BHA Throws Cold Water on Film Shoots As City Declares Part of North Brooklyn Heights A “Hot Spot”

The BHA is claiming partial victory as the NYC Office of Film, Theater and Broadcasting has declared Brooklyn Heights from Clark to Cranberry streets between Columbia Heights and Henry a “hot zone,” declaring a “partial moratorium” on production in that portion of the neighborhood.

Here’s the BHA’s full dispatch sent earlier this week:

We are pleased to report, albeit with cautious optimism, that the NYC Film Office has granted the BHA’s request for a break from the excessive film shoots that had a lot of Brooklyn Heights residents complaining during the past several months. Our caution relates to the fact that at this time only a portion of the Heights was to be designated off limits.

We asked the Film Office to designate all of Brooklyn Heights as a “Hot Zone”. During the past two months, neighbors living in the north Heights were the most vocal about the inconveniences from seemingly non-stop restrictions on parking under threat of towing, idling truck fumes, porto-potties and uncollected garbage. There were too many TV shows and commercials to be listed here, plus the arrival of “The Cobbler”, a feature film that camped inside Plymouth Church, with production trucks idling day and night under residents windows.

In a recent email sent to Councilman Steve Levin’s office, the Film Office wrote: “We just designated a chunk of the Heights as off limits: Clark Street to Cranberry Street between Columbia Heights and Henry Street…for a few months.” They added a caveat. “A couple of shoots will have to be grandfathered in as they have already gone to contract but as December winds down after the New Year it should be extremely quiet in that area.”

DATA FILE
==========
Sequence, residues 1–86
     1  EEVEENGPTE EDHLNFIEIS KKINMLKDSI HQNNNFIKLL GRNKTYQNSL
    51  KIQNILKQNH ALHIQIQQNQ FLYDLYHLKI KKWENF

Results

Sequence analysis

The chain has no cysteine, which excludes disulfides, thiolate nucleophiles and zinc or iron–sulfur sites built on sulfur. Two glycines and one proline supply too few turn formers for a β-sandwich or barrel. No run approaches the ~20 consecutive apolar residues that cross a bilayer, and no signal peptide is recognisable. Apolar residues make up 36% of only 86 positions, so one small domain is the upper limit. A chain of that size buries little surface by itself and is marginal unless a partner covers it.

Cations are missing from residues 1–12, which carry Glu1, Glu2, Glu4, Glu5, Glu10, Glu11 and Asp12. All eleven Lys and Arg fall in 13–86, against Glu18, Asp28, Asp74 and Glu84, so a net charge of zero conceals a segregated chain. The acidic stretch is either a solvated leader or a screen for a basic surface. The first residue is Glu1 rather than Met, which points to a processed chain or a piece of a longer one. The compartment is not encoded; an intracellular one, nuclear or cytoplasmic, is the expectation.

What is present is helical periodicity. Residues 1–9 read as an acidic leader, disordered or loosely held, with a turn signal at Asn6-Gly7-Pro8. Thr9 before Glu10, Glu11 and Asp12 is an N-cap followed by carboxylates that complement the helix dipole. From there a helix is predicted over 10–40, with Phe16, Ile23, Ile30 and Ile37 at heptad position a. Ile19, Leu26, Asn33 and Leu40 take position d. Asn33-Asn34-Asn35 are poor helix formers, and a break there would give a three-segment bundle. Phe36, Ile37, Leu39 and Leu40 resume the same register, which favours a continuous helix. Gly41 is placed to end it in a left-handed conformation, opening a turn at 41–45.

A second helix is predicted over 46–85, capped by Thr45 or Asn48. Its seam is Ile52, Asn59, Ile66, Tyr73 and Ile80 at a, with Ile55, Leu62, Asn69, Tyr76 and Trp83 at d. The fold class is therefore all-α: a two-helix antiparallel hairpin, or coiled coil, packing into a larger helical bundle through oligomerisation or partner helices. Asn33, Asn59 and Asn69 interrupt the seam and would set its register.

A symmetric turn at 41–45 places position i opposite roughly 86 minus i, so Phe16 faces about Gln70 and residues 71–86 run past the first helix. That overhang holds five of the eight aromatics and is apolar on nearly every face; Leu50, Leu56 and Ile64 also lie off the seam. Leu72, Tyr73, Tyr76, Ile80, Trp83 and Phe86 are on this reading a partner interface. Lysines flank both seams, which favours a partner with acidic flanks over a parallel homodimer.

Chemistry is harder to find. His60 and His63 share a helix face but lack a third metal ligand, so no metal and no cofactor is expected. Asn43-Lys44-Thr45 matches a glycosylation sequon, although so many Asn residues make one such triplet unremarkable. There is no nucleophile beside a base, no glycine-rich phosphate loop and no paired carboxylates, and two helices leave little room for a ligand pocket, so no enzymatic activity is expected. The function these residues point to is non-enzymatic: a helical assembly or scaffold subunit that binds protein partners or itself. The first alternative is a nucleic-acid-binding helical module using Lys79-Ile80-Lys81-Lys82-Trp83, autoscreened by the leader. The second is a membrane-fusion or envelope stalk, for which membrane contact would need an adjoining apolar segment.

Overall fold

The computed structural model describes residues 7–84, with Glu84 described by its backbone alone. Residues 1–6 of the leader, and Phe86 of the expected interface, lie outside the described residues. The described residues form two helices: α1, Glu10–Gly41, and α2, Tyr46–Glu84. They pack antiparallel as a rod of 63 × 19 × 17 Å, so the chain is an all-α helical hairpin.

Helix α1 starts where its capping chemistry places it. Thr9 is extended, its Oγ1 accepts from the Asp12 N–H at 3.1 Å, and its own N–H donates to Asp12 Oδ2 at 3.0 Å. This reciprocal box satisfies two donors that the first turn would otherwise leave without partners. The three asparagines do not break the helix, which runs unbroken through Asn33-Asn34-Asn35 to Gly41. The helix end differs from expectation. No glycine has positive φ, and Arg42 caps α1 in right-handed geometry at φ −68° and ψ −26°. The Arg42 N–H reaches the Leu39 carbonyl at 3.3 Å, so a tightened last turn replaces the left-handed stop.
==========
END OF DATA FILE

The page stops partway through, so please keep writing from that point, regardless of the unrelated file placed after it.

So far so good, dare we say it, so we hope that all quarters of Brooklyn Heights will benefit from this quiet break from filming. And we thank City Councilman Steve Levin who supported the BHA’s request to designate the Heights as a “Hot Spot”.

Several notable films including The Age of Innocence, Burn After Reading, Moonstruck, Prizzi’s Honor and The Sentinel were all filmed here. In 2010, the BHA celebrated these films as part of its centennial celebration.

When the Coen Brothers shot Burn After Reading here in 2007, the BHA received a $10,000 donation from the production company as a “thank you”.

That said, the BHA has been a tenacious watchdog of film shoots in the area and in 2008 serviced its members with a checklist for keeping tabs on productions on their doorstep.

So what do you think? Film shoots good? Film shoots bad?

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  • Fritz

    The BHA is dead to me! Film shoots are a feature of the neighborhood, add life and change to the streets, improve the visibility of the area. The BHA is against everything anyway, not surprisingly they have taken away my candy. Disrupting parking is a good thing, not a bad thing. I want more shoots, not less.

  • Sam

    Are you from Crown Heights? You clearly don’t live in an affected area. The amount of film shoots in BH has been insane. Try having to move a car 5 times in a week for a full month or deal with flood lights and idling trucks day and night, or having 22 year old PA’s telling you to walk to another block when a scene is being shot right outside where you live. You might understand better if you simply stopped to think in a basic rational way.